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January 18, 2004

  • Radio Days
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    Possibly the most unoriginal thing I could say in my career as a fledgling columnist would be that the Royal Canadian Air Farce is not funny. The entire planet I think assumes this as a part of their existence, like the laws of gravity and thermodynamics. For crying out loud, they’ve even joked about Air Farce’s predictability on Train 48. It’s a wholly unoriginal observation. As unoriginal as…well, as unoriginal as Air Farce itself.

    I watched an episode of Air Farce while waiting for CBC-TV’s new Monday night lineup (which can be described as: Rick Mercer does all his bits from 22 Minutes without the distraction of Gregg Thomey and the others, followed by more of the same from Ken Finkleman, and then please God, let it be better than the pilot because lusting after Cara Pifko will not keep me watching this). With Air Farce, it’s fascinating to watch the dialectic between the writers who obviously have some funny ideas and the performers who studiously avoid any comic potential. The Air Farce Way is to go for the obvious joke as opposed to a good laugh.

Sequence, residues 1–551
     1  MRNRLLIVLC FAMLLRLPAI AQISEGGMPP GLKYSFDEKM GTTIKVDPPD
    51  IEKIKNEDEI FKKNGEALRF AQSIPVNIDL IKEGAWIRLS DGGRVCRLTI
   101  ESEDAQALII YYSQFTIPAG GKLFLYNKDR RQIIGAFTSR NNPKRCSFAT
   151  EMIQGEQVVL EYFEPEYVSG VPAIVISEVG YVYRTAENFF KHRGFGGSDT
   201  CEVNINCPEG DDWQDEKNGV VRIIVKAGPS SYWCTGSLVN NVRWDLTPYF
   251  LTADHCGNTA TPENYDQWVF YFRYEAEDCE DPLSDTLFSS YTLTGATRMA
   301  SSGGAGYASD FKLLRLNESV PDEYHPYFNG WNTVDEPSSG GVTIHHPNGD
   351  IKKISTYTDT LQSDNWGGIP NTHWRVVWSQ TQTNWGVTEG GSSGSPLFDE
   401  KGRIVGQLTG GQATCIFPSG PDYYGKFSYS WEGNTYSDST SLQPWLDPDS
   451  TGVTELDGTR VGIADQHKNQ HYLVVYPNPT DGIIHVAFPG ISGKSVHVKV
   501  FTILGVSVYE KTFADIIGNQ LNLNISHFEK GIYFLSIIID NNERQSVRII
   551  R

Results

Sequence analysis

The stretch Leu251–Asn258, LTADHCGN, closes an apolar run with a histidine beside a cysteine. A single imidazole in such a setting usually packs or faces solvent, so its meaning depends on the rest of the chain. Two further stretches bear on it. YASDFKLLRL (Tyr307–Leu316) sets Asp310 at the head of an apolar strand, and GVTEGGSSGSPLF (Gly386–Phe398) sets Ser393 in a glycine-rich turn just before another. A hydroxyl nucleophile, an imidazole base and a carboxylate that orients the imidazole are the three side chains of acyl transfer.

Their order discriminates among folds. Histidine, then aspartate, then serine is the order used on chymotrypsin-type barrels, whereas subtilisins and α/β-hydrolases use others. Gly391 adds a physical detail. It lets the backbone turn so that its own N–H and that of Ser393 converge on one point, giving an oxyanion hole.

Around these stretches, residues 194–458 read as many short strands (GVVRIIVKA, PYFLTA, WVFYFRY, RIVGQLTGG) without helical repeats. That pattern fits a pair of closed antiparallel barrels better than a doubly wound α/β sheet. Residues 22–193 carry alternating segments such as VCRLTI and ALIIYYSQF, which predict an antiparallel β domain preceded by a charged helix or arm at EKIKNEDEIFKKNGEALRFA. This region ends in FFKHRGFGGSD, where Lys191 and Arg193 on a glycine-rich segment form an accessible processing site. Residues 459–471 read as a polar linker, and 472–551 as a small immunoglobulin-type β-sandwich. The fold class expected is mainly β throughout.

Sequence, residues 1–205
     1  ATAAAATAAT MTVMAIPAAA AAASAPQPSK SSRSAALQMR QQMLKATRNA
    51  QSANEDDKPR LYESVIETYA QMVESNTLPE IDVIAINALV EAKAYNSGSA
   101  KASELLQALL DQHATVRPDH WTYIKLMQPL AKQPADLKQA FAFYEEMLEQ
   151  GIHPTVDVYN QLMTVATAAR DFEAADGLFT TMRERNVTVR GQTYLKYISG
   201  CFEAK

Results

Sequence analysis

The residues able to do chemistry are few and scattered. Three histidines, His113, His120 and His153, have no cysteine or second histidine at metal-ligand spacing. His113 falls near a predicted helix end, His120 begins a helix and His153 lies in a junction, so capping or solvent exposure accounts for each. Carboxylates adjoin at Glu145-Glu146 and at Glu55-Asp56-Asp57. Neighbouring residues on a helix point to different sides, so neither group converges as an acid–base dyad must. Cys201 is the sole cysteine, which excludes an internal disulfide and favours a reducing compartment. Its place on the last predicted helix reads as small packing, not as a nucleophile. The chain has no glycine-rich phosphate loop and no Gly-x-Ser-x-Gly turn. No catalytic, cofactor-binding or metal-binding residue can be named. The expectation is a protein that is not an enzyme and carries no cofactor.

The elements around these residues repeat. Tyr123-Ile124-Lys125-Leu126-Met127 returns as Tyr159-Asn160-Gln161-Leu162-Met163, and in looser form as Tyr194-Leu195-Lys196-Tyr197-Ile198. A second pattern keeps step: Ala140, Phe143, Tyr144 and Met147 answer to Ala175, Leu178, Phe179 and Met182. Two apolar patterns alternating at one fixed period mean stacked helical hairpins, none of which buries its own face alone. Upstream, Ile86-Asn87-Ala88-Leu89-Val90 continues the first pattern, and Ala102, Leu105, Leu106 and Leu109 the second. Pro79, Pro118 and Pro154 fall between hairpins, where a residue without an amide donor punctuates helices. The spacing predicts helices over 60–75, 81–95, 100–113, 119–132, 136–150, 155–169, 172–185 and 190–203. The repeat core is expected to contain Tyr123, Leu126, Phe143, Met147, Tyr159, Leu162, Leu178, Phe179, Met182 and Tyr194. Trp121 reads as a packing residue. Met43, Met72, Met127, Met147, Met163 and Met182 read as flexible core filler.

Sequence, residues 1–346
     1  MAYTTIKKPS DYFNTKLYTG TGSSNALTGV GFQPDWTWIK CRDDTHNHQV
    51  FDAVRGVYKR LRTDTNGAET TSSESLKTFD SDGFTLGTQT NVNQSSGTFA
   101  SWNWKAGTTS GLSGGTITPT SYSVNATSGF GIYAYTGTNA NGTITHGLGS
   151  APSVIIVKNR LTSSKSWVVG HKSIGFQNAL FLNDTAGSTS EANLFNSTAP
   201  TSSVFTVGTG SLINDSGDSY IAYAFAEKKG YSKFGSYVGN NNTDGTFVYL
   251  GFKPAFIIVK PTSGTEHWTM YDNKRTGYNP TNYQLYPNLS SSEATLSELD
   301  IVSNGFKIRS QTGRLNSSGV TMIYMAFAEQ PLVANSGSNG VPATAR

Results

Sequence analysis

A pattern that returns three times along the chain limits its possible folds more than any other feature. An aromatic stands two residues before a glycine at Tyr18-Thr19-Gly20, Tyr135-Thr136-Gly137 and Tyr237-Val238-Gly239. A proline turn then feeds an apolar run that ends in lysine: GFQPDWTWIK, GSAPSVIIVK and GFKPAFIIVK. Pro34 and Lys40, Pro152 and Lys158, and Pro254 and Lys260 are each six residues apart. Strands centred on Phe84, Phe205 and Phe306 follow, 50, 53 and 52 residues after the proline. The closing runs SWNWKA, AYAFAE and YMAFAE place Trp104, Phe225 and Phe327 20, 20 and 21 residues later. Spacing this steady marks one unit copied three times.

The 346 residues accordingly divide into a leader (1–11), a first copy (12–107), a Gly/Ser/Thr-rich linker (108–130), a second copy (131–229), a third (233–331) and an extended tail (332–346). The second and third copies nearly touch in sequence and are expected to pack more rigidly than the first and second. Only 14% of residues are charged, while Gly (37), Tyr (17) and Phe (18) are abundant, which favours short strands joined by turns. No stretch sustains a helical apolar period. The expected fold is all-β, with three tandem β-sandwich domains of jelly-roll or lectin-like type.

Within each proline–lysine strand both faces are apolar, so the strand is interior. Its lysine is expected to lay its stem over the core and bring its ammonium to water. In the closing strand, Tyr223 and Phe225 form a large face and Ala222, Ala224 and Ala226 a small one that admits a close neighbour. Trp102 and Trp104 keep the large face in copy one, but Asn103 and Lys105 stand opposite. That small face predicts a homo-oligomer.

This week’s episode saw comedienne Jessica Holmes joining the troupe full time, which I presume is a move to circumvent Luba Goy, who is too old to be playing any of the ingĂ©nues in pop culture, and too unfunny to make any of them work. Holmes has a great repertoire of characters, as evidenced by her CTV show last season, but as evidenced by her CTV show last season she appears to have no decent judgment in terms of material. I smiled at her manic portrayal of Liza Minelli; but the sketch she was stuck in made me cringe.

    Again, this is hardly original criticism. And yet, I remember a day when I thought Air Farce was the funniest thing I’d ever heard. My loyalty to the Farce was so great that I used to tape them and buy their records and watched their TV specials.

    It was 1983. The troupe was ten years old and performed exclusively on CBC Radio back in the days when the distinction between CBC radio networks was CBC Radio (AM) and CBC Stereo (FM). The Air Farce did the occasional TV special and tried doing a TV series in 1981 but it didn’t get off the ground. The line-up then included Roger Abbott, Dave Broadfoot, Don Ferguson, Luba Goy and John Morgan (Broadfoot left just as they started the new TV series; Morgan left two seasons ago). I was 13 years old, and I was their biggest fan.